Let's do it again?
Brace yourself. You may be reassessed again. Wait a minute. We've been told that the court-ordered property reassessment was over, right?
Allegheny County Council passed a bill permitting appeals for the 2013 tax year — for the second year in a row. Although the bill may favor some property owners who will get a second bite of the apple, there will be more losers than winners this time around. Why?
Taxing bodies are permitted to file appeals. In 2012, they filed appeals for the 2013 tax year on properties where the sales price was higher than the assessment. Taxing bodies can now file this year on sales that did not exist last year — for the same 2013 tax year. They'll probably win many of these appeals.
In 2012, the court-ordered reassessment values were certified. County and city officials promised to assist with the appeals process. There was a concerted effort to get the appeals for the 2013 tax year out of the way before we paid taxes on these values.
Since the 2013 tax appeals are being conducted again, there are questions being raised about Bill 7331-12. Will the City of Pittsburgh and Pittsburgh school district appeal the so-called underassessments — based on sales from the last few years? Will municipal millage rates be adjusted after this second round of appeals for the 2013 tax year or will the taxing bodies just keep the additional revenues? Does the appeals board look at the market value as of 2010, 2012 or 2013?
Yes, there will be confusion if the 2013 tax year appeals are conducted for the second year in a row.
The other promise made — under state law — was that millage rates would be lowered after the 2013 tax year appeals were resolved. If county lawmakers permit another round of 2013 tax year appeals, it will result in an unintended second tax increase for thousands of city and county property owners this year.
Based on sales comparables, the reassessment values are three years old. Thousands of property owners who bought homes during this period may be reassessed on appeal for the 2013 tax year if the county passes Bill 7733-12. Many taxing bodies will appeal thousands of assessments based on sales. The problem is the tax impact will be felt this year. The result will be a second tax bill to the homeowner and additional revenue outside of the revenue-neutral provision.
There is an alternative. Every county in Pennsylvania permits appeals the year before taxes are levied. Allegheny County appeals may be filed this year for the 2014 tax year. This will result in a transparent and stable budgeting for taxpayers as well as taxing bodies. Your tax bill is not subject to change once it is paid.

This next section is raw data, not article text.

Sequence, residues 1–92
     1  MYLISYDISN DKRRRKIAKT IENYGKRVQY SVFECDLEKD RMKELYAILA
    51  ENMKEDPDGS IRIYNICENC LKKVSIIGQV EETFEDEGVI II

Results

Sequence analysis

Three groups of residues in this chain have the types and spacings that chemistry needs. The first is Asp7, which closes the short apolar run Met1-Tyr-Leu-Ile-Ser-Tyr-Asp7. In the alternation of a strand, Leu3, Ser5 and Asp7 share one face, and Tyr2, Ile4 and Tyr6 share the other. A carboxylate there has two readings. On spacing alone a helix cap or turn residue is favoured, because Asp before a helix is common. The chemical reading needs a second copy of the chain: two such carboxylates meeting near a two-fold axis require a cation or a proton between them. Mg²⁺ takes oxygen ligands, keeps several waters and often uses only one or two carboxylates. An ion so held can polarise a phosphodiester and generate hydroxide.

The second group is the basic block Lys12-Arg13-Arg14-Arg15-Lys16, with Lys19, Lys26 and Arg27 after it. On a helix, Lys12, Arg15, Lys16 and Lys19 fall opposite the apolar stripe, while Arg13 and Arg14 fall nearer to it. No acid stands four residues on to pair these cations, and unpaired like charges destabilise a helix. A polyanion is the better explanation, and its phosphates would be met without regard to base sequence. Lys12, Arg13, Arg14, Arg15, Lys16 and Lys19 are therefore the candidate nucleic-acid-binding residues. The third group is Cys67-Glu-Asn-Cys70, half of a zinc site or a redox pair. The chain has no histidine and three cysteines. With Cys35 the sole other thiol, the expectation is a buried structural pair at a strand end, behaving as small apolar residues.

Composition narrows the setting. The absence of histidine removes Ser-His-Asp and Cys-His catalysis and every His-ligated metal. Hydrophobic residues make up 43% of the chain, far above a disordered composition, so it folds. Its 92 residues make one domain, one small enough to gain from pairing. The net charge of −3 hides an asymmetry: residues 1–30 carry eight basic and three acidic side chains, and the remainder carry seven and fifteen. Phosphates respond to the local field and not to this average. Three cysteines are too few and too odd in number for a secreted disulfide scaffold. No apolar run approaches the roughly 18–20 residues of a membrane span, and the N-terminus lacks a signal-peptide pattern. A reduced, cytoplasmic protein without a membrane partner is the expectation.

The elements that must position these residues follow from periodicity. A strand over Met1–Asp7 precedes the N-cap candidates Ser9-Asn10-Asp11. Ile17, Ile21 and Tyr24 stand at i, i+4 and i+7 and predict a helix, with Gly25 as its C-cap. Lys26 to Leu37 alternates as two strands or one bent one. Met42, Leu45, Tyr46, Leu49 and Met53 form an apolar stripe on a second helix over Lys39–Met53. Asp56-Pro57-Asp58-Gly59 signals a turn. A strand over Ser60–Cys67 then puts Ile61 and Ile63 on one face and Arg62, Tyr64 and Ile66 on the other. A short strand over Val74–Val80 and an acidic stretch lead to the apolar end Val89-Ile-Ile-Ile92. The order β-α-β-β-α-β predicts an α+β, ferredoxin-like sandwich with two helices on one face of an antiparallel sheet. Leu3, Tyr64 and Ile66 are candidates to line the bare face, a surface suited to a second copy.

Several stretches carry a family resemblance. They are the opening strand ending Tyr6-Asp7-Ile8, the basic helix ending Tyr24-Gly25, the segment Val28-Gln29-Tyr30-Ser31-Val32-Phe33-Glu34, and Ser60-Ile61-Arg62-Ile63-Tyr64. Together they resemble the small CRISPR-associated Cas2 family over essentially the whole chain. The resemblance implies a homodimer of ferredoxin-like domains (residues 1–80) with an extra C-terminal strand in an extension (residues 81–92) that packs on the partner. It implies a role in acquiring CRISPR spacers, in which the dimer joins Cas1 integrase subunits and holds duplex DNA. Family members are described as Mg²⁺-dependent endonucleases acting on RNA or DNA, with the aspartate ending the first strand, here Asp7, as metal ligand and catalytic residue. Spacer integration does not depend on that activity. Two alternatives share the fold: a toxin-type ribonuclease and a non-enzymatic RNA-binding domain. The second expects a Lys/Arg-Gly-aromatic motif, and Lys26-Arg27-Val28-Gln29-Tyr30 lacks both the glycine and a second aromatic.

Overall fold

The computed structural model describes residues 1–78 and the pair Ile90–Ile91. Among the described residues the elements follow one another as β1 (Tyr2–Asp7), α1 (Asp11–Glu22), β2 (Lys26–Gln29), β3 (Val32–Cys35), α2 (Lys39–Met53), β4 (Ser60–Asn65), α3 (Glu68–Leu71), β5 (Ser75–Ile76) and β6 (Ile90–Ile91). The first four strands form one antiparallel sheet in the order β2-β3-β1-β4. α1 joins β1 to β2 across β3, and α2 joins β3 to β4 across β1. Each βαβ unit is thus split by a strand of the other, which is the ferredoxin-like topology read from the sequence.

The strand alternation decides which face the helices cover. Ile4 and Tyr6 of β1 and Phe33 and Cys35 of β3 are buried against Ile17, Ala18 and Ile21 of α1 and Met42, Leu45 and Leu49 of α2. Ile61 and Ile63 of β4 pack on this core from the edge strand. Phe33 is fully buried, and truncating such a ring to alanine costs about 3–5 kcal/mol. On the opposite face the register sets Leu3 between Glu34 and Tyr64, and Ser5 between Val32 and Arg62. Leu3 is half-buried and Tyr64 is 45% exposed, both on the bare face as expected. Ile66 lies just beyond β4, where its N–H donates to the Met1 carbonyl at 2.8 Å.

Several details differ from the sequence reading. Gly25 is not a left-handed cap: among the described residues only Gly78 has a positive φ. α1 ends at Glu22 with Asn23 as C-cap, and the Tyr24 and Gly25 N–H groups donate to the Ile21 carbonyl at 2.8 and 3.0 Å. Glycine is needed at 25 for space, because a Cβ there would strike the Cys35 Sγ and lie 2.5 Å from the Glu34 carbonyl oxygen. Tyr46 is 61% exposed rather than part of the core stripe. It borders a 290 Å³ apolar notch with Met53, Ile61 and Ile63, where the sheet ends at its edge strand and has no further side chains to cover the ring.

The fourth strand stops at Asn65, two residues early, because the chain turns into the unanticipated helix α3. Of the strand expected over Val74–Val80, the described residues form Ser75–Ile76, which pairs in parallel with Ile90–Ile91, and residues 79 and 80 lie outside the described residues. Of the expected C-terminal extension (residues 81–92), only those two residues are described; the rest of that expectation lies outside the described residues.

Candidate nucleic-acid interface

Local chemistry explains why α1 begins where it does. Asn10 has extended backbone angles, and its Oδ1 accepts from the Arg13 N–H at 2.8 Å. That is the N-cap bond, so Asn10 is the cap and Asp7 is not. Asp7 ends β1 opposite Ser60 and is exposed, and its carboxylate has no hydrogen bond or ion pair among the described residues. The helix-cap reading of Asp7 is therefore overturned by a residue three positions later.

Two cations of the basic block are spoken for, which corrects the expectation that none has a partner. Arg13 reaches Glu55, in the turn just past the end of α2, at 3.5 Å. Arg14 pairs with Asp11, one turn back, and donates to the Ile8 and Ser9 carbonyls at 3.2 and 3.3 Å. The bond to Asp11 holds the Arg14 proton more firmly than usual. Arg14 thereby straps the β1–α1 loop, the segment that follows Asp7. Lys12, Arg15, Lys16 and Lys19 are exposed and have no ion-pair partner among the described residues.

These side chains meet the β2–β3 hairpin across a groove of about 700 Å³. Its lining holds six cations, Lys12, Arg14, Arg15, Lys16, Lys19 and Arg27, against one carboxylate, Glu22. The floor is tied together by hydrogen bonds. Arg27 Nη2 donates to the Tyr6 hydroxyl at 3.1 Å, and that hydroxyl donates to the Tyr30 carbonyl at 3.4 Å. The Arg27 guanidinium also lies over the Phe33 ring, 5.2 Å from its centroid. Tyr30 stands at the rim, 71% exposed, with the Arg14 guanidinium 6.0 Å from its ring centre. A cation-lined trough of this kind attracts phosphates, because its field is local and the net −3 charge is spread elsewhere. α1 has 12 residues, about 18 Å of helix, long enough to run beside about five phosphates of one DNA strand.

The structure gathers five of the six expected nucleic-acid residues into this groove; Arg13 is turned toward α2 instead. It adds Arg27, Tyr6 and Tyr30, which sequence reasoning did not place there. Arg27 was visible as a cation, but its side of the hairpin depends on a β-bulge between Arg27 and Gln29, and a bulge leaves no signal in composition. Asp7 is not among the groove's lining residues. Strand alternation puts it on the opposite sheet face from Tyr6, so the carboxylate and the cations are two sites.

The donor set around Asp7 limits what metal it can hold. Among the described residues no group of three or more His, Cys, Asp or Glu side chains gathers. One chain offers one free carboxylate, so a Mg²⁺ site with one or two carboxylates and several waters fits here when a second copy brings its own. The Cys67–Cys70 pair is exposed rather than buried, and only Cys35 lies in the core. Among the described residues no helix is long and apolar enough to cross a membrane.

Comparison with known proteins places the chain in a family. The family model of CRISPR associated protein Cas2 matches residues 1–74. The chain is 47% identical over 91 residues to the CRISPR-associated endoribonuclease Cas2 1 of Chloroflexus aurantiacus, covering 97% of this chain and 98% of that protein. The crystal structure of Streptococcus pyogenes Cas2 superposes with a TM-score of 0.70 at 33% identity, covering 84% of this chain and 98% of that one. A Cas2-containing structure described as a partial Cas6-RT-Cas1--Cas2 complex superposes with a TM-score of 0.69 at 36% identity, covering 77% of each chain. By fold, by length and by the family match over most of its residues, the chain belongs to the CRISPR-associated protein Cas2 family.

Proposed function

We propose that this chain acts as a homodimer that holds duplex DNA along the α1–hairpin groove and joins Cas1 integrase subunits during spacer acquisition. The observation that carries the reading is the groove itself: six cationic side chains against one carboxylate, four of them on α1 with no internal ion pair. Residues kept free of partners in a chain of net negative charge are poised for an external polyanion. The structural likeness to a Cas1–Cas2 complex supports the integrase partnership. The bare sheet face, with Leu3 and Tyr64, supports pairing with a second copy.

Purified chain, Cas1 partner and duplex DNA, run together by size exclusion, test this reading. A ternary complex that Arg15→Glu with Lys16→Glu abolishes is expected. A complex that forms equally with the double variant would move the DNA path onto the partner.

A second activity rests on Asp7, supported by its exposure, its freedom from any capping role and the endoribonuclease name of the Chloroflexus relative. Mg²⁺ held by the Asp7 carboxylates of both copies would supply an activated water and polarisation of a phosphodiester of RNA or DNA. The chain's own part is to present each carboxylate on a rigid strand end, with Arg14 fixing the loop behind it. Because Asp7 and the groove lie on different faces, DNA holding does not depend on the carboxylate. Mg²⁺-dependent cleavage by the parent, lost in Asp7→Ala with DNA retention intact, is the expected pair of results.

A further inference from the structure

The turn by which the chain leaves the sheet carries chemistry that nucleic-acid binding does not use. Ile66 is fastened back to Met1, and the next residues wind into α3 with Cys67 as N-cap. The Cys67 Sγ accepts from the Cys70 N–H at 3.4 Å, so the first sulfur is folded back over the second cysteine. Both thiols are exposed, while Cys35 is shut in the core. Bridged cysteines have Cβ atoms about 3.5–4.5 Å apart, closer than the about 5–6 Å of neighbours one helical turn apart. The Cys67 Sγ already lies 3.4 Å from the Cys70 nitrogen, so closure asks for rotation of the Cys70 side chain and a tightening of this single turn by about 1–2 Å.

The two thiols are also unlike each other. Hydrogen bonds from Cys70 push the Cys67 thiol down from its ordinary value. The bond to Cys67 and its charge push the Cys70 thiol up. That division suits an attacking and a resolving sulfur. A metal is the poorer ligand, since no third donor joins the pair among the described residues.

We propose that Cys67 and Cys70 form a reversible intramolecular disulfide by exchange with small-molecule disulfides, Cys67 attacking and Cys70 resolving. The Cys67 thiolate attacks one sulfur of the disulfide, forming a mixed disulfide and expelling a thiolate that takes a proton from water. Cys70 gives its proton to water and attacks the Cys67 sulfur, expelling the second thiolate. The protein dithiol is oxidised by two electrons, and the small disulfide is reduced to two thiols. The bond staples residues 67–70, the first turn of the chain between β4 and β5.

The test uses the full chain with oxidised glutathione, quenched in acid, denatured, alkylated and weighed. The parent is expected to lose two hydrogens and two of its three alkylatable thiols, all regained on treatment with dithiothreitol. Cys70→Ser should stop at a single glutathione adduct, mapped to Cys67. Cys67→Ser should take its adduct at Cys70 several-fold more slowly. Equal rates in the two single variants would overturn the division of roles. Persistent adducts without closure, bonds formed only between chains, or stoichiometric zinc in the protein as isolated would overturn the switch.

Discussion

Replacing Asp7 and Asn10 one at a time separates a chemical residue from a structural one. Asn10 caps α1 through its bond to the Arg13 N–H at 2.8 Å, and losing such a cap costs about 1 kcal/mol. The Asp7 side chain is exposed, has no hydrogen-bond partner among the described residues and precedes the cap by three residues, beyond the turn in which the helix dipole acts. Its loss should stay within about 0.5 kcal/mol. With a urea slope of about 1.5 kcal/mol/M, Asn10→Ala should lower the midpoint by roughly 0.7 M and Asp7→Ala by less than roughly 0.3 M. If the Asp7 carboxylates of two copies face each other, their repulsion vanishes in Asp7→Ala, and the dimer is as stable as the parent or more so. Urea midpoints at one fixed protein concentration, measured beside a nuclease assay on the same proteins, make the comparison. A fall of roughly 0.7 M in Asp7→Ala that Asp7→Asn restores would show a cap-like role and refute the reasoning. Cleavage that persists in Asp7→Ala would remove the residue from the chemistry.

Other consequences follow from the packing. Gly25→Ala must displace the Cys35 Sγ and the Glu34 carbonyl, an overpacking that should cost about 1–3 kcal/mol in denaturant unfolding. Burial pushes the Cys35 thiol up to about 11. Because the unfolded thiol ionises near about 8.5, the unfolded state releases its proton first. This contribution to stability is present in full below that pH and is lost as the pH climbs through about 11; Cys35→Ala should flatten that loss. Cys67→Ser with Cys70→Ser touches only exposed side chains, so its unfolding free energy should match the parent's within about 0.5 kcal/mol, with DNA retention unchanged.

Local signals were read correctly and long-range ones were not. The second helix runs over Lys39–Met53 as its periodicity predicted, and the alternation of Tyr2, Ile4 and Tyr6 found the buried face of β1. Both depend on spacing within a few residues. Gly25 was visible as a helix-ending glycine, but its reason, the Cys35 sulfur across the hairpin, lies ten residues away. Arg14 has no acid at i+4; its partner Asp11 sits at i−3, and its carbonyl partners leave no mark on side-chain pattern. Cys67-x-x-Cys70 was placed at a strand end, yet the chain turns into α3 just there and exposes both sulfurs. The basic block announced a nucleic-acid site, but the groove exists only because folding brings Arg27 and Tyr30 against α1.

Anyone who complains about his or her assessment will still have the right of appeal this year — for the 2014 tax year. That is the way it is done in 66 other counties in the commonwealth. This process is easier to understand.
Consistency, fairness and stability have been needed in our system for a long time. County lawmakers should consider the prospective appeals taxing system before the appeals begin on this cycle.
Michael J. Suley was manager of the Allegheny County Office of Property Assessments from 2006-12 and vice chairman of the county Board of Property Assessments Appeals and Review from 1997-2000.
Show commenting policy
TribLive commenting policy
You are solely responsible for your comments and by using TribLive.com you agree to our Terms of Service.
We moderate comments. Our goal is to provide substantive commentary for a general readership. By screening submissions, we provide a space where readers can share intelligent and informed commentary that enhances the quality of our news and information.
While most comments will be posted if they are on-topic and not abusive, moderating decisions are subjective. We will make them as carefully and consistently as we can. Because of the volume of reader comments, we cannot review individual moderation decisions with readers.
We value thoughtful comments representing a range of views that make their point quickly and politely. We make an effort to protect discussions from repeated comments either by the same reader or different readers.
We follow the same standards for taste as the daily newspaper. A few things we won't tolerate: personal attacks, obscenity, vulgarity, profanity (including expletives and letters followed by dashes), commercial promotion, impersonations, incoherence, proselytizing and SHOUTING. Don't include URLs to Web sites.
We do not edit comments. They are either approved or deleted. We reserve the right to edit a comment that is quoted or excerpted in an article. In this case, we may fix spelling and punctuation.
We welcome strong opinions and criticism of our work, but we don't want comments to become bogged down with discussions of our policies and we will moderate accordingly.
We appreciate it when readers and people quoted in articles or blog posts point out errors of fact or emphasis and will investigate all assertions. But these suggestions should be sent via e-mail. To avoid distracting other readers, we won't publish comments that suggest a correction. Instead, corrections will be made in a blog post or in an article.
- Port Authority fires two bus drivers involved in rollover crash
- Pirates sign Corey Hart to 1-year deal
- Giant Eagle Inc. appears to have settled ‘fuelperks!’ lawsuit
- Police gather in Ligonier for Perryopolis officer’s funeral
- Analysis: Misunderstood Chryst served Pitt well
- Steelers must be creative in providing snaps for linebackers
- Game isn’t over for Kim Jong Un spoof ‘Glorious Leader!’
- Rossi: Brawl for ADs between Pitt and WVU
- Review: No improper contact between Pa. Supreme Court justices, lawyers
- Time is of essence for Pitt in finding football coach, athletic director
- Veteran tight end Miller’s blocking skill crucial to success to Steelers running game